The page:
Sampling can be explained as a specific principle used to select members of population to be included in the study. It has been rightly noted that “because many populations of interest are too large to work with directly, techniques of statistical sampling have been devised to obtain samples taken from larger populations.” (Proctor, 2003, p.100).


Brown (2006) summarizes the advantages of sampling in the following points:
a) Makes the research of any type and size manageable;
b) Significantly saves the costs of the research;
c) Results in more accurate research findings;
d) Provides an opportunity to process the information in a more efficient way;
e) Accelerates the speed of primary data collection.


In researches involving primary data collection sampling can be done following four stages explained below:


1. Defining target population. Target population represent specific segment within wider population that are best positioned to serve as a primary data source for the research. For example, for a dissertation entitled ‘Impact of social networking sites on time management practices amongst university students in the UK” target population would consist of individuals residing in the UK.


2. Choosing sampling frame. Sampling frame can be explained as a list of people within the target population who can contribute to the research. For a sample dissertation named above, sampling frame would be an extensive list of UK university students.


3. Determining sampling size. This is the number of individuals from the sampling frame who will participate in the primary data collection process. The following observations need to be taken into account when determining sample size:

a) The magnitude of sampling error can be diminished by increasing the sample size.

b) There are greater sample size requirements in survey-based studies than in experimental studies.

c) Large initial sample size has to be provisioned for mailed questionnaires, because the percentage of responses can be as low a 20 to 30 per cent.

d) The most important factors in determining the sample size include subject availability and cost factors

For example, for the same research of ‘Impact of social networking sites on time management practices amongst university students in the UK’ sample size could be determined to include 200 respondents.


4. Selecting a sampling method. This relates to a specific method according to which 200 university students in the UK are going to be selected to participate in research named above.



Sampling methods are broadly divided into two categories: probability and non-probability.

In probability sampling every member of population has a known chance of participating in the study. Probability sampling methods include simple, stratified systematic, multistage, and cluster sampling methods. In non-probability sampling, on the other hand, sampling group members are selected on non-random manner, therefore not each population member has a chance to participate in the study. Non-probability sampling methods include judgement, quota, convenience and extensive sampling methods. The following figure illustrates specific sampling methods belonging to each category:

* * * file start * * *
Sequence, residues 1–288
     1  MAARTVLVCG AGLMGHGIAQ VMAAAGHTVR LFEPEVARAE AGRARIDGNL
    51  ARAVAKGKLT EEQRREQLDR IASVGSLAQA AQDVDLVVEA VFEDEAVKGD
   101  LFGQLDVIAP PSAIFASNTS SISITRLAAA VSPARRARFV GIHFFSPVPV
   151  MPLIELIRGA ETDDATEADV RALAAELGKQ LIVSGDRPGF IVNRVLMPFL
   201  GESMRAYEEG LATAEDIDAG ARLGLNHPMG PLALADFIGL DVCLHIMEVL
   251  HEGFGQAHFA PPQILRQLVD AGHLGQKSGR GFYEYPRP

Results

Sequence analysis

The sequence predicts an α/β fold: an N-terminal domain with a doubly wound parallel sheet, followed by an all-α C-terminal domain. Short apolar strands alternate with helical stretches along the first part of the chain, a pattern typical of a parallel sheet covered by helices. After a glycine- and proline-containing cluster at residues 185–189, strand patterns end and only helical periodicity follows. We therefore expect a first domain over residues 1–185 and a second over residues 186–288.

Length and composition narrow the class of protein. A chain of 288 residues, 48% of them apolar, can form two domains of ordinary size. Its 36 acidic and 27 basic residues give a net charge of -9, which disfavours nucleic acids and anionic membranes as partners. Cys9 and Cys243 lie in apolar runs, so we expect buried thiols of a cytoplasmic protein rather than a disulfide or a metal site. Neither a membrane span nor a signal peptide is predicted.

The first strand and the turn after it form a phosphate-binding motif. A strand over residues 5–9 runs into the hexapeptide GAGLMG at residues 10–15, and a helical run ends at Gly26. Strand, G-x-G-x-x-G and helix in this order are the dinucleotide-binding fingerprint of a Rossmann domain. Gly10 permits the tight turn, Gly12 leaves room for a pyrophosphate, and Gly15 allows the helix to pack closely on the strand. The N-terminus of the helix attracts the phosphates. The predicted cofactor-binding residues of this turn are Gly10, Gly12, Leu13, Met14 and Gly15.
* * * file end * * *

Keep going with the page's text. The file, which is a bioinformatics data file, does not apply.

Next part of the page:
Brief definitions and advantages and disadvantages of sampling techniques are illustrated on the following table:


Technique Definition/


Advantages Disadvantages
Random Sample group members are selected in a random manner Highly effective if all subjects participate in data collection High level of sampling error when sample size is small
Stratified Representation of specific subgroup or strata Effective representation of all subgroups

Precise estimates in cases of homogeneity or heterogeneity within strata

Knowledge of strata membership is required

Complex to apply in practical levels

Systematic Including every Nth member of population in the study Time efficient


Cost efficient

High sampling bias if periodicity exists
Multistage Sampling conducted on several stages High level of flexibility at various levels Complex to conduct

Impacted by limitations of cluster and stratified sampling methods

Cluster Clusters of participants representing population are identified as sample group members Time efficient


Cost efficient

Group-level information needs to be known

Usually higher sampling errors compared to alternative sampling methods

Judgement Sample group members are selected on the basis of judgement of researcher Time efficiency


Samples are not highly representative

Unscientific approach


Personal bias

Quota Sample group members are selected on the basis of specific criteria High level of reliability than random sampling

Usually cost-effective

High level of subjectivity


Difficult to estimate sampling error

Convenience Obtaining participants conveniently with no requirements whatsoever High levels of simplicity and ease


Usefulness in pilot studies

Highest level of sampling error


Selection bias

Snowball Sample group members nominate additional members to participate in the study Possibility to recruit hidden population Over-representation of a particular network

Reluctance of sample group members to nominate additional members



Brown, R.B. (2006) “Doing Your Dissertation in Business and Management: The Reality of Research and Writing” Sage Publications

Proctor, T. (2003) “Essentials of Marketing Research”, 3rd edition, Prentice Hall


SamplingMy e-book, The Ultimate Guide to Writing a Dissertation in Business Studies: a step by step assistance offers practical assistance to complete a dissertation with minimum or no stress. The e-book covers all stages of writing a dissertation starting from the selection of the research area to submitting the completed version of the work before the deadline.


John Dudovskiy